It’s not a done deal yet, but with the county commission’s go-ahead last week to get appraisals on acreage next to the Tourist Development Office on US 98, the next step could be to relocate the supervisor of elections office there.
By a unanimous vote Feb. 7, the county commissioner approved a motion by Commissioner Jessica Ward and seconded by Noah Lockley, for a conditional purchase of 5.5 acres of land adjacent to what had been the former Florida Highway Patrol station and what is now the TDC office.
The county is looking at spending between $500,000 and $600,000 for the land, owned by Eastpoint seafood dealer David Barber and his wife Stephanie. Commissioners also OKd seeking two appraisals on the property, which are expected to take up to five or six months.
County Attorney Michael Shuler said that if the appraisals come out greater than the projected purchase price, “we can renegotiate or walk away.
“The county would be responsible for appraisals and they’re usually less than $1,000,” he said, noting that with a downturn in the housing market, the appraisals may come back in less time than expected.
The money for purchasing the land would come out of about $2 million in American Rescue Plan Act (ARPA) monies that the county has received, with up to $750,000 set aside for the supervisor of elections office, Jones said.
After the commission heard concerns from Supervisor of Elections Heather Riley a few months ago about the long-term future of the building in Apalachicola the county now leases from Harry Arnold, Commission Chairman Ricky Jones asked his colleagues to look into possible alternative sites.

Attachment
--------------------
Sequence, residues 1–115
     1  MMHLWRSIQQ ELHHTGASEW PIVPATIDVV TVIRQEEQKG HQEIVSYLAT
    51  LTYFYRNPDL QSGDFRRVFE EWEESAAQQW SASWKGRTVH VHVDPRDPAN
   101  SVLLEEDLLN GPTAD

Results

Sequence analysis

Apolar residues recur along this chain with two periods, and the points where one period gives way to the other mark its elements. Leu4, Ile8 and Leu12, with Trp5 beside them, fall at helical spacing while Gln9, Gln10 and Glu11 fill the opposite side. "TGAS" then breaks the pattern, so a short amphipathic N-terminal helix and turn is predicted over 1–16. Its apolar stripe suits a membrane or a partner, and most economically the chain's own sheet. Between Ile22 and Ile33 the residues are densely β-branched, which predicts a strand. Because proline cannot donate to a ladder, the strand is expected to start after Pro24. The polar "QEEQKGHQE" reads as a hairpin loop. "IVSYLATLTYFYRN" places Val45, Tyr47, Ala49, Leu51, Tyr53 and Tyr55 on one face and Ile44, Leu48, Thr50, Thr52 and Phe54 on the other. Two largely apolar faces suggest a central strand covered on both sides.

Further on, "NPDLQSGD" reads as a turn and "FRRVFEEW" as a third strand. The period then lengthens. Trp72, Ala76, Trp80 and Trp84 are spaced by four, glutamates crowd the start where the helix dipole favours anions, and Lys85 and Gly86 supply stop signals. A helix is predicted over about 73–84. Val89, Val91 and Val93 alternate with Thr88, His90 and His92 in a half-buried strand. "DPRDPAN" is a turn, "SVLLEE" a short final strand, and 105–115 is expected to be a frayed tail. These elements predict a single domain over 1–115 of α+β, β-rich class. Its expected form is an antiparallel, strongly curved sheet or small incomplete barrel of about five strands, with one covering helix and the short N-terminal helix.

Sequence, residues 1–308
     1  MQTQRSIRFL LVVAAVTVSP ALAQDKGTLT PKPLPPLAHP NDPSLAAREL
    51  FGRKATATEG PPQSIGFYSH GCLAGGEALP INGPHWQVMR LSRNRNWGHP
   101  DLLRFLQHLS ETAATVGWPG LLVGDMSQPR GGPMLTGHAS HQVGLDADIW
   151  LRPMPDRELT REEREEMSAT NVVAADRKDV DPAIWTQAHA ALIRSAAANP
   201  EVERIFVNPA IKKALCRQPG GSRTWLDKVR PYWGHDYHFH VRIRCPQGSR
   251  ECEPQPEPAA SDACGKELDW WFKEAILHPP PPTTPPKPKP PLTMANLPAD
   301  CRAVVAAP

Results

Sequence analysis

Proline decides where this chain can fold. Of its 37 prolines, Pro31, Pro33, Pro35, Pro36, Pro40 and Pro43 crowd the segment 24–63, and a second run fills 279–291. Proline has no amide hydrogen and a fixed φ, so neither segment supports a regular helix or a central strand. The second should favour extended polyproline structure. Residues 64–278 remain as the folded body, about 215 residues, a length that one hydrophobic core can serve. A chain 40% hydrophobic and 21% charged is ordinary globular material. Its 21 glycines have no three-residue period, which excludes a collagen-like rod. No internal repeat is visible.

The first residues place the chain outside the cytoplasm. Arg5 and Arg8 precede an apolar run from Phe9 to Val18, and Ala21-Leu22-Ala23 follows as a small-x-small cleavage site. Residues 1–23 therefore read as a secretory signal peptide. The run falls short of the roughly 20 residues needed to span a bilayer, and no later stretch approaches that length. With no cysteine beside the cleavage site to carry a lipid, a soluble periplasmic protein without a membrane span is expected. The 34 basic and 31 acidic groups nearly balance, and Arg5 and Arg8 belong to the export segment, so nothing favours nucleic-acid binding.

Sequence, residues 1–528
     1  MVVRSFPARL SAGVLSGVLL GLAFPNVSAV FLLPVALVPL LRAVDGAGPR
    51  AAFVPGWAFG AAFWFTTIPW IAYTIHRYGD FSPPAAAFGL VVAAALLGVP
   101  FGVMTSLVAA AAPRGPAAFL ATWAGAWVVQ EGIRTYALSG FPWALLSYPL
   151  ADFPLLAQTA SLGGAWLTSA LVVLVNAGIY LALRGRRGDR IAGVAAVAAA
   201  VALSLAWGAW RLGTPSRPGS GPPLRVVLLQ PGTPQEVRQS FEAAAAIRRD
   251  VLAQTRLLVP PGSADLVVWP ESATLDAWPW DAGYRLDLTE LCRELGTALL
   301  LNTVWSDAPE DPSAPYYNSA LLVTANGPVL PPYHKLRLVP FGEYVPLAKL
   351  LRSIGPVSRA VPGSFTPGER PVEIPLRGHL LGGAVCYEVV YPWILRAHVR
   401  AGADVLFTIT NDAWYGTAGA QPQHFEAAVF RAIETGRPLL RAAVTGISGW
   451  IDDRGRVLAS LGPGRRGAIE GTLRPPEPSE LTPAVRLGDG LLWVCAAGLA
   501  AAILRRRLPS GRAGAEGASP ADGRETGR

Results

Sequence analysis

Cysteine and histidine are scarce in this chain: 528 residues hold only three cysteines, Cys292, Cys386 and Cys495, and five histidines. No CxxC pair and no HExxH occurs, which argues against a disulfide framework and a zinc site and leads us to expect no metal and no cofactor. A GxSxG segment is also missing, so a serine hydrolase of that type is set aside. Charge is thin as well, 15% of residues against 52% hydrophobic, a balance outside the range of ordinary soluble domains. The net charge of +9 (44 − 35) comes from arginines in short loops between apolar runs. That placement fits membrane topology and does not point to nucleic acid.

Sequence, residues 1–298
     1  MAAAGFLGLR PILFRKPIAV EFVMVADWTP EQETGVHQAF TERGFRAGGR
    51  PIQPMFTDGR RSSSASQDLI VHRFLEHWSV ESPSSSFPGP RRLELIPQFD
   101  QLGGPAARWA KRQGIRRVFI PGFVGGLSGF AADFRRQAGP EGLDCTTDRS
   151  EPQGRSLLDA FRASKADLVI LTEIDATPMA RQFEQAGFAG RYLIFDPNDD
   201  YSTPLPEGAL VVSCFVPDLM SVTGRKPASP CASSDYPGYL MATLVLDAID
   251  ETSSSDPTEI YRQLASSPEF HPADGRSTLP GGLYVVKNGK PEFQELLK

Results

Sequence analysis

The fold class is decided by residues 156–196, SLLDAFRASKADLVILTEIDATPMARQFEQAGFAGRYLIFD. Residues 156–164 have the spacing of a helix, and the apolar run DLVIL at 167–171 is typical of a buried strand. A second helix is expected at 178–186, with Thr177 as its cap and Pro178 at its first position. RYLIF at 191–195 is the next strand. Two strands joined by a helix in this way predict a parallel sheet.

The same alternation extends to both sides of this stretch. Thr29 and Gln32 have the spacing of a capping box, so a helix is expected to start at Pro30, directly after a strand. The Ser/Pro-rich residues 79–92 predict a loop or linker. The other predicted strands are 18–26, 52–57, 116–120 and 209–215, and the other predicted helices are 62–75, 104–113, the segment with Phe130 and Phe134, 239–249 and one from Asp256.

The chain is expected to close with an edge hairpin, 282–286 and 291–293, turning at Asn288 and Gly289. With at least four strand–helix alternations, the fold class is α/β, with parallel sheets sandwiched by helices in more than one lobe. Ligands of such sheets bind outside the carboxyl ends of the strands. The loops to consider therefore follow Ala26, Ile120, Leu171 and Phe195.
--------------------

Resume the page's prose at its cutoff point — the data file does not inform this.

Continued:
“We had so much going on with the building during the last election cycle,” said Jones. “The air conditioning went down during early voting.”
He said he was the lone commissioner to return with a proposal, and said he backs relocating the elections office to the Eastpoint site, provided Riley thinks it’s a good idea.
“There is very little land left in the county and this is a large tract not in a flood zone,” Jones said. “There’s not many like that left; the state and the federal government own 90 percent of land.
“The supervisor of elections would have the ability to say whether they would move the constitutional office out of Apalachicola,” he said.
One possible wrinkle, and one which would call for a pair of public hearings, is the law requires that constitutional offices be housed in the county seat unless the requirement is waived by commissioners.
Jones said the county last approved such a relocation when in June 1988, by a 3-2 vote, they granted permission to the sheriff to relocate his offices to State Route 65.
Jones has emerged as a chief proponent of moving the elections office “as long as the supervisor of elections is good with it.
“Eastpoint is more centrally located and Apalachicola is doing good to handle the traffic they have,” he said. “We’re getting to the point where it’s getting difficult for people to do their business in Apalachicola.
“I don’t know if we can find a piece of property in Apalachicola, and it might be double that (price),” Jones said. ”It’s about what’s convenient and the property itself. I say it needs to be close to where it’s accessible to everybody and kind of shovel ready.”